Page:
Fifteen Maine kindergarten teachers spent three days last week learning how to pilot a Kindergarten Entry Assessment (KEA) with support from a grant to the Maine DOE. The KEA has been created with input from kindergarten teachers from the start and Maine teachers’ feedback on the benefits of KEA will guide its development.
The KEA is a formative assessment that participating teachers will complete within the first 60 days of school. The information is gathered over the course of a typical school day and largely consists of teacher observations of skills and development as children participate in regular kindergarten activities. This is called “authentic assessment.” Educators can use the results of the KEA to guide curriculum and instruction and give teachers a meaningful tool for adjusting teaching and learning. The KEA is not a “readiness” test or “high stakes” in any way. It addresses whole child development: social-emotional, physical, approaches to learning, language /literacy and cognitive development.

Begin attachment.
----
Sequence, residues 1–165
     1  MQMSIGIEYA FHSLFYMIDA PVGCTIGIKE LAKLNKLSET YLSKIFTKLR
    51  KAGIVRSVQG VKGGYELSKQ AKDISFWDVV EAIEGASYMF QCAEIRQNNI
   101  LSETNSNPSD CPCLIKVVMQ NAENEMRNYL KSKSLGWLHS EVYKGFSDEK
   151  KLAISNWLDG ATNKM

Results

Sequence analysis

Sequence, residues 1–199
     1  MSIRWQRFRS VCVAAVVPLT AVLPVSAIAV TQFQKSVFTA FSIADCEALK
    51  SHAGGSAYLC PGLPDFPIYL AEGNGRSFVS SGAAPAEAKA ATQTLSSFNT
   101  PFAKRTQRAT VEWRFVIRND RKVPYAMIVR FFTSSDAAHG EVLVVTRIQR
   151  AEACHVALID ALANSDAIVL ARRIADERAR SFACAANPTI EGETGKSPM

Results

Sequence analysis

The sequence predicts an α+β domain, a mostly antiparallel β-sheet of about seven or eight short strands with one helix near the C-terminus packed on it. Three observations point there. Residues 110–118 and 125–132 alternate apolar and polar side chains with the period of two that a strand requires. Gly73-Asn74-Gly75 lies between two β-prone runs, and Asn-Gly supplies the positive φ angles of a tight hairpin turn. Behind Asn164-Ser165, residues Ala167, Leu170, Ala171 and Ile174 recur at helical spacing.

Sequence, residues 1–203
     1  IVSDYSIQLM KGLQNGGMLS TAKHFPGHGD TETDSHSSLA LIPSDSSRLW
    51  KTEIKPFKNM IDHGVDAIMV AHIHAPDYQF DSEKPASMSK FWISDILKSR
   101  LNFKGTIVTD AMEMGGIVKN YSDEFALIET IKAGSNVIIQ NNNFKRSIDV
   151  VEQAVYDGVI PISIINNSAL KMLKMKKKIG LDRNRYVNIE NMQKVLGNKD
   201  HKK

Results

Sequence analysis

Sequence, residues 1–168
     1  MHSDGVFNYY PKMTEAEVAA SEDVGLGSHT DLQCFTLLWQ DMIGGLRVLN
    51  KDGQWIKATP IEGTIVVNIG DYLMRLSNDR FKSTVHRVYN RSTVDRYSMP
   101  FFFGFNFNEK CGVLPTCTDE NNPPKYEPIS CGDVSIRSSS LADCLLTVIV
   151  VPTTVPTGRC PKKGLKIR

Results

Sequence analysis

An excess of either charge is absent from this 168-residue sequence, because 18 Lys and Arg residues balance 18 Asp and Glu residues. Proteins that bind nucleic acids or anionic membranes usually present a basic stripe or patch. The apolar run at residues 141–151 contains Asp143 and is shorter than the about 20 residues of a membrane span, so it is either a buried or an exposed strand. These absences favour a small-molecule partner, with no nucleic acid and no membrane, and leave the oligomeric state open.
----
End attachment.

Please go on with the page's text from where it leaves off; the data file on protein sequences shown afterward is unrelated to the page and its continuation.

With parent permission, each kindergarten teacher participating in the pilot will use the tool to assess progress toward learning goals for 10 children in their classroom this fall. They will give feedback to the researchers on what works and what doesn’t, what is helpful to their curriculum and instruction, and the amount of time involved. Parents will also receive a report and be able to provide feedback on whether or not the information was helpful to them.
The enthusiasm and excitement from the Maine kindergarten teachers was contagious! They are eager to try a new assessment tool that looks at the development of the whole child. They believe the KEA will guide their teaching, help them to better individualize instruction, and to provide the classroom activities and supports to ensure that all children are learning.
Stay tuned for more as the teachers report their experience with the KEA. For more information contact the Department’s Early Childhood Consultant Sue Reed at email@example.com.